A Visit to St Andrew's Church


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Approaching from the south, as you go through the Lych Gate you pass on your left the new Burial Ground, and to your right is all that remains of the cottage of shepherd John Withers, whose gravestone just inside records his death at 104 (Jessie Timms, buried near the porch, reached 105!). It was at the Lych (= body) Gate that the bearers rested the bier on the way to the grave. The Lych Gate was given by the nine sons of Henry Rendall, Rector 1856-1893, in memory of their mother who died in 1905, and the initials of all nine are carved around it. (The Rendalls’ only daughter, who died in infancy, is buried just inside on the right, close to the family tomb).

The Old Churchyard, formally closed in 2000, is reckoned to contain at least 4,000 bodies; the earliest (17th Century) surviving gravestones are distinguished by having curly tops and being deeply sunk into the ground. Close to the church are the Timms and Herbiage chest tombs, and the base and stump of a medieval churchyard cross, where the villagers would gather to hear itinerant preachers, and, no doubt, exchange news of all kinds. Pause here to look up at the porch – added around 1400 to shelter those congregating outside the building, whether for a service (weddings often took plat “at the church door”), to conduct business or to post official news. The porch once held a small upper room where the priest could lodge or teach; the projections which support its floor beams, and the small windows which lit it, can still be seen. The accurate sundial dated 1658, probably commemorates the 60th year in office of John Goodwin, who was Rector from 1598 (when was 26) to 1667!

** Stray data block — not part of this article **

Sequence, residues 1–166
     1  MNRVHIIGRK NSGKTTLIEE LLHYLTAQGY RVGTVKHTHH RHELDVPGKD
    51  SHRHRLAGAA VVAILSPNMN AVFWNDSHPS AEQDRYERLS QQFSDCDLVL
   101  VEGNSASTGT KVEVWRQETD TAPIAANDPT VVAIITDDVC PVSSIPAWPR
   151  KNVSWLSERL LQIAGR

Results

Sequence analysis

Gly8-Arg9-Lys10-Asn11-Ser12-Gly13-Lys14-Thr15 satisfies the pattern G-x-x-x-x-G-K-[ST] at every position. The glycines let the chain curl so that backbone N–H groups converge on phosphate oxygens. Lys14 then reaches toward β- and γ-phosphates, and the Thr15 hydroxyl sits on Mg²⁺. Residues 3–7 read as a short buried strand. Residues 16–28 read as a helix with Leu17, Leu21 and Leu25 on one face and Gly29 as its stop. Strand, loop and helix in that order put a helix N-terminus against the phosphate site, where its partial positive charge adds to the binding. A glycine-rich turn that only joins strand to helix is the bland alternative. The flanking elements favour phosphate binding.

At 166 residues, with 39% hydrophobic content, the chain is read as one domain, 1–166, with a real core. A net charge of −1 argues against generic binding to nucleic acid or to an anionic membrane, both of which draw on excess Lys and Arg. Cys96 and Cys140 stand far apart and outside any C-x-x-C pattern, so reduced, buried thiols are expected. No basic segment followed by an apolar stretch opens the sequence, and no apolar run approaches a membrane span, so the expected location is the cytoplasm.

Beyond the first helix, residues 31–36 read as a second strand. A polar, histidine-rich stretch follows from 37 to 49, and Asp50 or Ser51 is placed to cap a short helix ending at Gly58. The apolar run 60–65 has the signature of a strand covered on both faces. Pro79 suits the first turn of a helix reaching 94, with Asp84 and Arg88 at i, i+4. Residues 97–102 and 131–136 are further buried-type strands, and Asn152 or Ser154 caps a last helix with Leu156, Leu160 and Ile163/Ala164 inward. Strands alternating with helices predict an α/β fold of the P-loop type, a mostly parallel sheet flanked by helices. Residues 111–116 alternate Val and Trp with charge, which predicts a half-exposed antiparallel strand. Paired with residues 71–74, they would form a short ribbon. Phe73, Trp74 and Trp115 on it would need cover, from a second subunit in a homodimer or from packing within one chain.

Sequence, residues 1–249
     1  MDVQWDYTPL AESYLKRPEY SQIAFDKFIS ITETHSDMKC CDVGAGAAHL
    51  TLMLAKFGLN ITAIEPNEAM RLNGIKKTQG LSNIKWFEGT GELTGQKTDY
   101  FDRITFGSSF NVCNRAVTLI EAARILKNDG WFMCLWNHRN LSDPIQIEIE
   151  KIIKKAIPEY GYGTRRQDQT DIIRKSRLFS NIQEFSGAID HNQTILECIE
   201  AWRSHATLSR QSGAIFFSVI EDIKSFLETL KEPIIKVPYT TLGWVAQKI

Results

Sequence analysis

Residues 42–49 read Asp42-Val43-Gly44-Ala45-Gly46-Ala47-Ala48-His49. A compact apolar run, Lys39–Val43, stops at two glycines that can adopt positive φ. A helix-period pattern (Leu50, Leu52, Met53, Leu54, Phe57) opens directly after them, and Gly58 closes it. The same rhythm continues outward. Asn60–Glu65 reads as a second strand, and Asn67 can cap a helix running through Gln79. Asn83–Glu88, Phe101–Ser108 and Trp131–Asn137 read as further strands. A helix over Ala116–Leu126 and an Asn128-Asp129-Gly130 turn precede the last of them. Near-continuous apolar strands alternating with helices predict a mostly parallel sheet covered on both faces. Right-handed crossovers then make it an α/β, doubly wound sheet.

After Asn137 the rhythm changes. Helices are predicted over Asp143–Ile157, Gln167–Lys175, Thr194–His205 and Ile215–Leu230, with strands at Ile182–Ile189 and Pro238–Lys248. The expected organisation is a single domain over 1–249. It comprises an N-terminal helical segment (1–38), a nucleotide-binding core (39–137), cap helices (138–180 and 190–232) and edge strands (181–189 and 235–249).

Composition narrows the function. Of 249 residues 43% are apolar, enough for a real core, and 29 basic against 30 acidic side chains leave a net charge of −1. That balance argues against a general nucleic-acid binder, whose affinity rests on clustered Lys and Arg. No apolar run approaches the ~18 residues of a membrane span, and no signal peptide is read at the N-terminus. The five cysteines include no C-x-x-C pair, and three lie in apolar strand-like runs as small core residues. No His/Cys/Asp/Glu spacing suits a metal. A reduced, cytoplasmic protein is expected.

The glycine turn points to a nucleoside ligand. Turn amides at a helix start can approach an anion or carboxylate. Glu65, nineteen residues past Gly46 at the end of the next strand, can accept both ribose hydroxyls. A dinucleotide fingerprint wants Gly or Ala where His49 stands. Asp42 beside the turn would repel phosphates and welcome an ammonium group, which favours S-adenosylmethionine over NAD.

Around the top of the porch, and extending east and west round the south aisle, runs a corbel table of 47 carvings, a mixture of human faces (perhaps benefactors?), grotesques, animals and rosettes. The carvers’ fancy roved freely here, as it did in portraying the Green Man and Green Woman (faces amidst growing vegetation, a memory of pre-Christian folklore) as stops on the westernmost window. Green Men are common in medieval stonework, and this one’s features were still clearly visible a hundred years ago; Green Women are much rarer.

At the entrance, the Norman doorway and its dramatic, carved tympanum are the oldest surviving features of St Andrew’s; it must have been salvaged, when the south aisle was added, from the smaller 12th Century, Norman church. Between the concentric orders of zigzag decoration, the fierce “beakheads” are typical of the time, but at the end of the row the clearly identifiable man and woman offer a truly individual quirk, perhaps the signature of this long ago carver. Birds and humans remind us that God created the whole world and its creatures; in the central space a “great fish” swallows – or spits out – a man’s head, and another human figure (in grave clothes?) lies beneath. This is surely Jonah, whose re-emergence after three days from the belly of a great fish prefigured, in Jesus’ words, his death and resurrection, reminding us that at the heart of our faith is a story, with a meaning, which we believe to be the basis of our salvation.